Archive for February 14, 2024

Wednesday, February 14, 2024

Swift Collections 1.1

Karoy Lorentey (Mastodon):

This feature release adds a number of new data structure implementations, along with minor changes to existing constructs.


  • Heap implements a min-max heap, backed by a native array.
  • BitSet and BitArray are two alternate representations of a bitmap type, backed by dynamically allocated storage.
  • TreeSet and TreeDictionary are hashed collections implementing Compressed Hash-Array Mapped Prefix Trees (CHAMP). They provide similar API as Set/Dictionary in the Standard Library, but as persistent data structures, supporting incremental mutations of shared instances and efficient structural diffing.

Michael Steindorfer has written a paper and thesis about CHAMP.


Update (2024-02-21): Majid Jabrayilov:

Dictionary and Set types that Swift language provides us store values in a single flat hash table that you copy on every write or mutation. The Swift Collection package introduces TreeDictionary and TreeSet types implementing Compressed Hash-Array Mapped Prefix Trees. In other words, TreeDictionary and TreeSet types hold values in the tree-based structure, allowing the efficient updating of only the needed branches.


The TreeDictionary is still a struct, but the implementation uses the UnsafeMutablePointer type to access memory and mutate it directly without copying on write. Another benefit of the TreeDictionary and TreeSet types is the optimized way to compare because of their tree-based nature. Usually, they handle this operation in a constant time.

Mail and Preview Working Together

Wade Tregaskis:

…after I’d filled out a form PDF that was emailed to me. It had exactly the option I wanted first and foremost, to send the completed PDF back to the sender.

Sure, manually digging up the completed PDF from disk and dragging it into a Mail Compose [Reply] window isn’t hard, but it just feels so thoughtful when the system saves me the effort. Knowing that someone, somewhere, actually thought through how Mail & Preview might be used, and thought enough of their users to go to the trouble of implementing this.

This does not happen when editing an image file. Is it only for PDF forms?

Unlike with kMDItemWhereFroms, there does not seem to be a public API, e.g. so that a third-party mail client could make the same information available to Preview or a third-party document editor could access the information from Mail.

The metadata seems to be stored in the extended attribute, which seems to be encrypted. I guess this is to prevent accidentally sharing it with other Macs because on the same Mac it’s accessible using mdls. Finder also displays an envelope badge on files with this attribute and displays some of the e-mail information.

Update (2024-04-08): Simon:

So far so good I guess. But did you know that when you select such a file in column view it now displays that email icon and a link (to Mail, and in my case non-functional) INSTEAD of the file size in the location where the file size used to be? So in order to see the size of a file that came as an email attachment I’m now having to open a Get Info window.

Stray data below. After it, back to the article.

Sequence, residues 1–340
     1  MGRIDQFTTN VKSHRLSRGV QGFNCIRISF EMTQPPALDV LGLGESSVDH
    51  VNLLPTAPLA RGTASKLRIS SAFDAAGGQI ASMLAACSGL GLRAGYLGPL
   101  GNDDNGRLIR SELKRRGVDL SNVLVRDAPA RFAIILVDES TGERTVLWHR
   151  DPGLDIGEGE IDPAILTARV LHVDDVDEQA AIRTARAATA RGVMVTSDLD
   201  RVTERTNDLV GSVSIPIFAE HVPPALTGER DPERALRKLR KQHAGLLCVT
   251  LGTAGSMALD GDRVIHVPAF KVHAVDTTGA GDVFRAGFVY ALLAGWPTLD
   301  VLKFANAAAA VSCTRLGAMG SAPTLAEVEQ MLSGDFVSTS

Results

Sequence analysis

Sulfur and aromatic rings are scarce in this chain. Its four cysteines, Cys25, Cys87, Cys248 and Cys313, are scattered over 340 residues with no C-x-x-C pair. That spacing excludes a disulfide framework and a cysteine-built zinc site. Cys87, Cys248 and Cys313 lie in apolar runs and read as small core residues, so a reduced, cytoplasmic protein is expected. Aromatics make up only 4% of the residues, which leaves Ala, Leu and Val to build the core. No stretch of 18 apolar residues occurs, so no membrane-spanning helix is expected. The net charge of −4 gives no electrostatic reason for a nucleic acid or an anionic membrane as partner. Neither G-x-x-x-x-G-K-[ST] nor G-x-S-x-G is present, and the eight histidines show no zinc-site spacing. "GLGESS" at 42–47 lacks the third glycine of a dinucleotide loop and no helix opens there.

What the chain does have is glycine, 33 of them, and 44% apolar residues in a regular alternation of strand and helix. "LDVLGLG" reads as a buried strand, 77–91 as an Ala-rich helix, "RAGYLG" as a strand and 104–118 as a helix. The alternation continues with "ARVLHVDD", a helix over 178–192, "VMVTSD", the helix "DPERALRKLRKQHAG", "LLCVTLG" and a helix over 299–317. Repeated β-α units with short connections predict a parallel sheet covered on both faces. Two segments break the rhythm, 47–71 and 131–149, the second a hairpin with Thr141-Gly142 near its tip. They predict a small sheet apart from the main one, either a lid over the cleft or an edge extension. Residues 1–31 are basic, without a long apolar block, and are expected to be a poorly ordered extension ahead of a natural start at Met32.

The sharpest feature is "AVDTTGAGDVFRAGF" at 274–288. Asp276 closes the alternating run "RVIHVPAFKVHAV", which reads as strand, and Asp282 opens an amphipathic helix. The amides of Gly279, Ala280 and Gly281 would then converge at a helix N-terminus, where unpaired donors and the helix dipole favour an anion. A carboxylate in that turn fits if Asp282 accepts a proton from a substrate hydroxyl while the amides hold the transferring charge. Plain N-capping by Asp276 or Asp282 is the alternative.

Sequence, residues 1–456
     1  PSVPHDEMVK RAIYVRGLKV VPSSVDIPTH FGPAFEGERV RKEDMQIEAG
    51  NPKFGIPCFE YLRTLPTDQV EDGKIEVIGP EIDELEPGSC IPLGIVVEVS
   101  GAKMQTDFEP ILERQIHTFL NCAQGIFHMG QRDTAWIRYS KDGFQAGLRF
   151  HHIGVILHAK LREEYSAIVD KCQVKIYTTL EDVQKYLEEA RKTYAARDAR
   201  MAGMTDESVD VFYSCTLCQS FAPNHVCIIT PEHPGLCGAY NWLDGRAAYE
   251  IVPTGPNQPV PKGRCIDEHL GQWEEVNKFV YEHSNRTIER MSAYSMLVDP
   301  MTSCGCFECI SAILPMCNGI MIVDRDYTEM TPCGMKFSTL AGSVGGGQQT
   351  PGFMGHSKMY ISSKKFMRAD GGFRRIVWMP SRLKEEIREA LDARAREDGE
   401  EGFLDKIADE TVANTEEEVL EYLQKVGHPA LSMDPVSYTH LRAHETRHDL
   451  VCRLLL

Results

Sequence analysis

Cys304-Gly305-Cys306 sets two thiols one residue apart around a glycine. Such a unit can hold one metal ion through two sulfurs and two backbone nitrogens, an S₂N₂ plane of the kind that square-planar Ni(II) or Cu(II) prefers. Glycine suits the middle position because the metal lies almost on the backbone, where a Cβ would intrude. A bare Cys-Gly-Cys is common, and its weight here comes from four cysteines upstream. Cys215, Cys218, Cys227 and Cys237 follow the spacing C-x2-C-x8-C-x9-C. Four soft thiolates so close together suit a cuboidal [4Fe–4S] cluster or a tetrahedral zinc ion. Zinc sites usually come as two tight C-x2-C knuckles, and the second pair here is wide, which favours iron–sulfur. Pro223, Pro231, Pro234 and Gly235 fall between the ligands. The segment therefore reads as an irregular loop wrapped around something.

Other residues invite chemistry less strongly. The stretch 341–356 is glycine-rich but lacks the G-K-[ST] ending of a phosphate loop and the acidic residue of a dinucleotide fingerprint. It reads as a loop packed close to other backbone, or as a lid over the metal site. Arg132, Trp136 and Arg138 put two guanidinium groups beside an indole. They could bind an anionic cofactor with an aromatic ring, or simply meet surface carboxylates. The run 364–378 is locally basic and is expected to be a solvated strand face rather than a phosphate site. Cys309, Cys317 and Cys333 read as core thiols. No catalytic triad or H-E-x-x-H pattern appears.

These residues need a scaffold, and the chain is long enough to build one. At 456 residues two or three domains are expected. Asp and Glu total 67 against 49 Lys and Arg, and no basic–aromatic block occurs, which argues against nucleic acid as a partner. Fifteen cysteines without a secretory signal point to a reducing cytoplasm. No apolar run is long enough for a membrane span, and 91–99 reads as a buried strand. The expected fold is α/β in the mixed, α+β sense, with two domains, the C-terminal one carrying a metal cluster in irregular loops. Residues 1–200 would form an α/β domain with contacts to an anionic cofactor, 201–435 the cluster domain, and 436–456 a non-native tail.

The iMessage Halo Effect

John Siracusa:

The iMessage service is not so good that it makes the iPhone more attractive to customers. It’s the iPhone that makes iMessage attractive. The iPhone gives iMessage its cachet, not the other way around.


Today, it still feels like the iPhone is carrying iMessage. Anecdotally, both my teenage children have iPhones, but their group chats with their friends take place in WhatsApp.


Apple has little to lose by expanding iMessage to other platforms, and there still may be something to be gained (even if it’s just making mixed Android/iPhone conversations in Messages a bit more smooth).


Fraudulent Kimi App

Wes Davis:

There’s a vision testing app called Kimi sitting at number eight in the Apple iOS App Store’s trending list of free entertainment apps right now (and number 46 overall for free apps!). But it’s not an app for testing your eyesight, at least not unless you consider watching pirated movies on your smartphone a form of vision testing, which, I suppose you could?


You open it, and there are just movies and TV shows right there for you to watch. There’s no splash screen and no trick to unlock the real app. It wasn’t hidden at all under a thin veneer of legitimacy.

Juli Clover:

The App Store description mentioned comparing two pictures as an eyesight test, watching scenery, and playing games, but none of those features were present in the app.


Apple pulled the app this morning after The Verge wrote about it, and it is no longer available.

This is the second time in the last week that Apple’s App Store has made headlines for questionable app approval.

Even if Apple were doing a good job of reviewing, there’s little they can do about apps that change their functionality outside of the review environment. Apple knows this but is still pretending that it’s even possible to do what they claim to do. High-profile apps like this get caught eventually, but there’s probably a large number of them that are unpopular and so stay under the radar.


Update (2024-02-16): Jeff Johnson:

Incidentally, this problem applies to Mac app notarization too. A developer can easily notarize a harmless app that software updates itself into malware.